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dc.contributor.authorWelch, Sarah Annen_US
dc.date.accessioned2017-04-13T02:01:54Z
dc.date.issued2013
dc.date.submitted2013
dc.identifier.urihttps://hdl.handle.net/2144/21274
dc.descriptionThesis (M.A.) PLEASE NOTE: Boston University Libraries did not receive an Authorization To Manage form for this thesis or dissertation. It is therefore not openly accessible, though it may be available by request. If you are the author or principal advisor of this work and would like to request open access for it, please contact us at open-help@bu.edu. Thank you.en_US
dc.description.abstractHigh dose chemotherapy followed by autologous stem cell transplantation (ASCT) remains the standard of care for patients with relapsed or refractory (R/R) diffuse large B cell lymphoma (DLBCL) who are chemosensitive to salvage therapy. There is now evidence that the achievement of complete remission by PET scan (PET-CR) after salvage therapy is a favorable determinant of ASCT outcome, implying that PET response should be part of the prognostic assessment for patients considering ASCT. However, it is unclear whether other prognostic factors are still relevant in patients getting post-salvage PET scanning. Moreover, while ASCT is often also used for patients with R/R transformed indolent lymphoma (TIL), there are no data on whether prognostic factors that are important for DLBCL patients, especially PET response to salvage, are similarly prognostic in this population. We conducted a retrospective study of 143 patients with R/R DLBCL and TIL who were transplanted in the last decade and had a post-salvage PET scan prior to ASCT. We examined prognostic factors in both groups, and constructed a prognostic score for DLBCL patients. For patients with DLBCL, post-salvage PET response was an important prognostic factor. Advanced age and symptomatic relapse were also significantly associated with inferior outcome. A simple score could stratify patients into 3 risk groups with 4-year post-ASCT overall survival of 84%, 59%, and 10%, and 4-year progression-free survival of 67%, 41% and 0% (p<0.0001 for both). However, none of those factors (including PET response to salvage) could be demonstrated for TIL, likely because of the limited sample size. Our novel prognostic score for DLBCL patients undergoing ASCT may be useful for prognostication, for stratification in clinical trials, and to motivate the design of new strategies for patients in the highrisk group, who may not derive benefit from standard ASCT. Those factors, however, do not apply to patients with TIL, which has important implications for their treatment and inclusion in ASCT clinical trials with larger sample sizes.en_US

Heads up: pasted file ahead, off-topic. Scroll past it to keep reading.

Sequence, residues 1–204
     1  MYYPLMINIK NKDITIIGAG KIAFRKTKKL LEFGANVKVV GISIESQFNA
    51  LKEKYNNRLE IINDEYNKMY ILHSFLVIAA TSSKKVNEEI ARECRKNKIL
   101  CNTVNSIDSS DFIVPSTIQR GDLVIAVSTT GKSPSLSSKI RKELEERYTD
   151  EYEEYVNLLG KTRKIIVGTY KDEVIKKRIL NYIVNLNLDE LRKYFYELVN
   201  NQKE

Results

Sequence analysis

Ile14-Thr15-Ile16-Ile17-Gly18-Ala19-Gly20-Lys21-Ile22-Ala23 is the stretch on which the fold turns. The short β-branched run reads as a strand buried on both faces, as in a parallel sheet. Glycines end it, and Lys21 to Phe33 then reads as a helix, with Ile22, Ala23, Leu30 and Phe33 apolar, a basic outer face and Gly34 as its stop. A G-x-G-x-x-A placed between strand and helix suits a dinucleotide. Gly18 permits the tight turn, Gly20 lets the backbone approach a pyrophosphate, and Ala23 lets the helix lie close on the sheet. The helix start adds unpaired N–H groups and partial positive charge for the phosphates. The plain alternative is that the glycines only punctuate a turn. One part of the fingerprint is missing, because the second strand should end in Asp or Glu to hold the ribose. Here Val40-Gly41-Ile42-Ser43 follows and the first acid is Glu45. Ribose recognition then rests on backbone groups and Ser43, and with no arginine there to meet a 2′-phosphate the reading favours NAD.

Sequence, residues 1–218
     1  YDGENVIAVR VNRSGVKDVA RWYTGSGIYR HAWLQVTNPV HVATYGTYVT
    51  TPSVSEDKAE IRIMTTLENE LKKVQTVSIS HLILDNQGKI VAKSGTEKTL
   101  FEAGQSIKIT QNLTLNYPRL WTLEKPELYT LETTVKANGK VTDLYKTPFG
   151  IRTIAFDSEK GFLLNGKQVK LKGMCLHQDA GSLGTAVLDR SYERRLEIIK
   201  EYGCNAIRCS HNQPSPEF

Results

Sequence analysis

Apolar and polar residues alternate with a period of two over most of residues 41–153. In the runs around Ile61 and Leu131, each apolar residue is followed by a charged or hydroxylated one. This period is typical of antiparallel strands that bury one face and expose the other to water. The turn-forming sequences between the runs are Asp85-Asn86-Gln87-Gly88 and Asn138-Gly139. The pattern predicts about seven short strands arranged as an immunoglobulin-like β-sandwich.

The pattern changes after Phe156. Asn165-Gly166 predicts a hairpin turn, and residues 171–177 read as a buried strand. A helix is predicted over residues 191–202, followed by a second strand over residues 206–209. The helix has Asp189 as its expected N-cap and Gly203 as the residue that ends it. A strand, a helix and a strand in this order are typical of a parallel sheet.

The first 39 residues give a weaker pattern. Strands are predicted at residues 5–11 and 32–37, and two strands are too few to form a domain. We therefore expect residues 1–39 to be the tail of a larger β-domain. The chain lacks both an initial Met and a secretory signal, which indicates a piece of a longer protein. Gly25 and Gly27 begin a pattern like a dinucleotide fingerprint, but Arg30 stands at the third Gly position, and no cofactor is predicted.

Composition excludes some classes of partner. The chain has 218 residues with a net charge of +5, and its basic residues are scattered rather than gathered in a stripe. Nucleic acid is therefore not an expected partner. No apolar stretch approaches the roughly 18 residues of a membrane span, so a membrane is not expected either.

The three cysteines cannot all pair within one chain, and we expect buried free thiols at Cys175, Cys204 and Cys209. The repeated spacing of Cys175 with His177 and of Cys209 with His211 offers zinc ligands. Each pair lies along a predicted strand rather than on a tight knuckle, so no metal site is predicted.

dc.language.isoen_US
dc.publisherBoston Universityen_US
dc.subject.otherMedicineen_US
dc.subject.otherCancer treatmenten_US
dc.subject.otherDiffuse large B cell lymphomaen_US
dc.subject.otherTransformed indolent lymphomaen_US
dc.titlePrognostic factors for patients with diffuse large B cell lymphoma and transformed indolent lymphoma undergoing autologous stem cell transplantation in the positron emission tomography eraen_US
dc.typeThesis/Dissertationen_US
dc.description.embargo2031-01-01
etd.degree.nameMaster of Arts in Medicineen_US
etd.degree.levelmastersen_US
etd.degree.disciplineMedicineen_US
etd.degree.grantorBoston Universityen_US


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